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Nazi eugenics were Nazi Germany's racially-based social policies that placed the improvement of the race through eugenics at the center of their concerns and targeted those humans they identified as "life unworthy of life" (German Lebensunwertes Leben), including but not limited to the criminal, degenerate, dissident, feeble-minded, homosexual, idle, insane, religious, and weak, for elimination from the chain of heredity. More than 400,000 people were sterilized against their will, while 70,000 were killed in the Action T4.

Hitler's views on eugenics

Adolf Hitler read racial hygiene tracts during his imprisonment in Landsberg Prisonmarker. He thought that Germanymarker could only become strong again if the state applied to German society the principles of racial hygiene and eugenics.

Hitler believed the nation had become weak, corrupted by the infusion of degenerate elements into its bloodstream. These had to be removed quickly. He also believed that the strong and the racially pure had to be encouraged to have more children, and the weak and the racially impure had to be neutralized by one means or another.

The racialism and idea of competition, termed social Darwinismor neo-Darwinism in 1944, were discussed by European scientists, and also in the Vienna press during the 1920s, where Hitler picked up the ideas is uncertain, the theory of evolution had been generally accepted in Germany at the time but this sort of extremism was rare. In 1876, Ernst Haeckel had discussed the selective infanticide policy of the Greek city of ancient Spartamarker.

In his Second Book, which was unpublished during the Nazi era, Hitler praised Sparta, adding that he considered Sparta to be the first "Völkisch State". He endorsed what he perceived to be an early eugenics treatment of deformed children:
Sparta must be regarded as the first Völkisch State. The exposure of the sick, weak, deformed children, in short, their destruction, was more decent and in truth a thousand times more humane than the wretched insanity of our day which preserves the most pathological subject, and indeed at any price, and yet takes the life of a hundred thousand healthy children in consequence of birth control or through abortions, in order subsequently to breed a race of degenerates burdened with illnesses.

Nazi eugenics program



The Nazis based their eugenics program on the United States' programs of forced sterilization.

The Law for the Prevention of Hereditarily Diseased Offspring, proclaimed on July 14, 1933, required physicians to register every case of hereditary illness known to them, except in women over forty-five years of age. Physicians could be fined for failing to comply.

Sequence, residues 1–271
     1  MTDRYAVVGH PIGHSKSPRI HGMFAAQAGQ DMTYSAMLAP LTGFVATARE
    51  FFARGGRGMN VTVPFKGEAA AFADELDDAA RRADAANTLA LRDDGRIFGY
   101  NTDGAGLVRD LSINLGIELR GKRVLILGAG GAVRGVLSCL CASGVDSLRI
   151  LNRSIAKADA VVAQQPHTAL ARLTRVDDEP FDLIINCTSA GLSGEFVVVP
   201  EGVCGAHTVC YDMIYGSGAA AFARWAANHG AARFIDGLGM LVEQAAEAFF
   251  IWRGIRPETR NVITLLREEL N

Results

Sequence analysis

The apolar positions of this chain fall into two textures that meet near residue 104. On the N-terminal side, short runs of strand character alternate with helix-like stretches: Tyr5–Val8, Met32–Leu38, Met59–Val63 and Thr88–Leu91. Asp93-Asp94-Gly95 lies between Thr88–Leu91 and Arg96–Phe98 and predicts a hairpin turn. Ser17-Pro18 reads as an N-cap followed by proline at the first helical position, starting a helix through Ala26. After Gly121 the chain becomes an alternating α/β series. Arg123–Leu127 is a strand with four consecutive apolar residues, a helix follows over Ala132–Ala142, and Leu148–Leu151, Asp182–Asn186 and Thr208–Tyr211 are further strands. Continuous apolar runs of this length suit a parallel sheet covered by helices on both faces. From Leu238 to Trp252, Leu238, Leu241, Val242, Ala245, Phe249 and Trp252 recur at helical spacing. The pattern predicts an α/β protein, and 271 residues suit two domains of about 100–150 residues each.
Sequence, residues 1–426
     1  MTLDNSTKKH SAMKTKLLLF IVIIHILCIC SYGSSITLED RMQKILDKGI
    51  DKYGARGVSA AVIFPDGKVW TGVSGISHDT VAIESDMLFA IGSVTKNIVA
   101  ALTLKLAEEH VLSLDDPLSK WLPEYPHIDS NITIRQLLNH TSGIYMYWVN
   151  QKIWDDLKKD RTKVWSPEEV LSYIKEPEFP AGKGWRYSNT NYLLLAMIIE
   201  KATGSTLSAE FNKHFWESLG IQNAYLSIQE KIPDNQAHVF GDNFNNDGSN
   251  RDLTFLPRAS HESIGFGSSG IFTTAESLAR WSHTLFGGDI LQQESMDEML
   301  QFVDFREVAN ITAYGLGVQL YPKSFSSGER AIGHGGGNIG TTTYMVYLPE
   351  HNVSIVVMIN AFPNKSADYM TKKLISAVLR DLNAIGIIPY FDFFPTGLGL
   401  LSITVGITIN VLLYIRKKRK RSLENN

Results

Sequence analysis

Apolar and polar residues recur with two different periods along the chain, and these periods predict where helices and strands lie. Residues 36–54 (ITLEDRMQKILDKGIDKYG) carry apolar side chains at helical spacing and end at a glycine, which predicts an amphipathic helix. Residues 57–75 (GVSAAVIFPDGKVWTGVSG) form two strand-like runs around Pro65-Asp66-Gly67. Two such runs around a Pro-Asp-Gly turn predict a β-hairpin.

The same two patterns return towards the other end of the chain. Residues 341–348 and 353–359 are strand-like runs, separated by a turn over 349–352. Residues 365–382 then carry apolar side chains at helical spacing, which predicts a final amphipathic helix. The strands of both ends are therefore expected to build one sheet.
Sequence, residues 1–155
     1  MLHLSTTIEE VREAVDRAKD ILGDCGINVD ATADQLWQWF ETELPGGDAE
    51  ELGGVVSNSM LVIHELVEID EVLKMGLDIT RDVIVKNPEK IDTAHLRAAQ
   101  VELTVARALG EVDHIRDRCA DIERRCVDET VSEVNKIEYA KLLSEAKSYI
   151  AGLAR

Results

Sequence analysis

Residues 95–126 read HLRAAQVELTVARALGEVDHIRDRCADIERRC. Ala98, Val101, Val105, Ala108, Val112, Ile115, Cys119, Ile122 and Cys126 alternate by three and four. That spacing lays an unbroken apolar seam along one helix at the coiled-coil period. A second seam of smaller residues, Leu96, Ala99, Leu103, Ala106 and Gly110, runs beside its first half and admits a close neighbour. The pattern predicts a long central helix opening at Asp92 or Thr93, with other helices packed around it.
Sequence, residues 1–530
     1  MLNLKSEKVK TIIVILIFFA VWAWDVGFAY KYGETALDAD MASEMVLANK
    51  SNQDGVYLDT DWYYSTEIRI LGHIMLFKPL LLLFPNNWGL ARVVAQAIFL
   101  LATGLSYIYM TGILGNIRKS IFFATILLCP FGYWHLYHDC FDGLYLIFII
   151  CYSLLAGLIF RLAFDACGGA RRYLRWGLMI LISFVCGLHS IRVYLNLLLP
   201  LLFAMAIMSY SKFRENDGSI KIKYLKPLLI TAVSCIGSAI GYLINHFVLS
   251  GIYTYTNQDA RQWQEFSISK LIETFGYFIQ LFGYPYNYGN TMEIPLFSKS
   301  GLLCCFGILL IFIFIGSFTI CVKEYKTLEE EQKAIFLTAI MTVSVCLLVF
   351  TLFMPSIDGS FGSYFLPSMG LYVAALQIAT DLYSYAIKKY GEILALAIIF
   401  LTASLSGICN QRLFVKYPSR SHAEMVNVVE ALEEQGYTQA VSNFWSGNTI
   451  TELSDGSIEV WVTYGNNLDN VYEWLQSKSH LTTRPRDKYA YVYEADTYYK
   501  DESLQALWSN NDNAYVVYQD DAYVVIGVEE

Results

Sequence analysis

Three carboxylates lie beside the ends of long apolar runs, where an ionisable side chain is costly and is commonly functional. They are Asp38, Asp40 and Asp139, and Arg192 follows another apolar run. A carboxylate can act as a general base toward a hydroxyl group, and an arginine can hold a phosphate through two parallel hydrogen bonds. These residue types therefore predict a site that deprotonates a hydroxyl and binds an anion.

In 1934 the first year of the Law's operation, nearly 4,000 people appealed against the decisions of sterilization authorities. 3,559 of the appeals failed. By the end of the Nazi regime, over 200 Hereditary Health Courts (Erbgesundheitsgerichten) were created, and under their rulings over 400,000 people were sterilized against their will.

Nazi eugenics institutions

The Hadamar Clinicmarker was a mental hospital in the German town of Hadamarmarker, which was used by the Nazi-controlled German government as the site of their T-4 Euthanasia Program. The Kaiser Wilhelm Institute of Anthropology, Human Heredity, and Eugenicsmarker was founded in 1927.

In its early years, and during the Nazi era, it was strongly associated with theories of eugenics and racial hygiene advocated by its leading theorists Fritz Lenz and Eugen Fischer, and by its director Otmar von Verschuer. Under Fischer, the sterilization of so-called Rhineland Bastards was undertaken. Grafeneck Castle was one of Nazi Germany's killing centers during the Euthanasia, today it is a memorial place dedicated to the victims of the Action T4.

See also



Further reading

Books



Academic articles



Videos

  • Burleigh, M. (1991). Selling Murder: The Killing Films of the Third Reich. London: Domino Films.
  • Michalczyk, J.J. (1997). Nazi Medicine: In The Shadow Of The Reich. New York: First-Run Features.


References

  1. Ian Kershaw, Hitler: A Profile in Power, Chapter VI, first section (London, 1991, rev. 2001)
  2. Dónal P O'Mathúna: " Human dignity in the Nazi era: implications for contemporary bioethics", BMC Med Ethics 2006. online March 14, 2006
  3. Eugenics and the Nazis - the California connection
  4. facinghistorycampus.org - The Law for the Prevention of Hereditarily Diseased
  5. Robert Proctor, Racial Hygiene: Medicine Under the Nazis (Cambridge, Mass.: Harvard University Press, 1988): 108.


External links

General reference


United States Holocaust Memorial Museum



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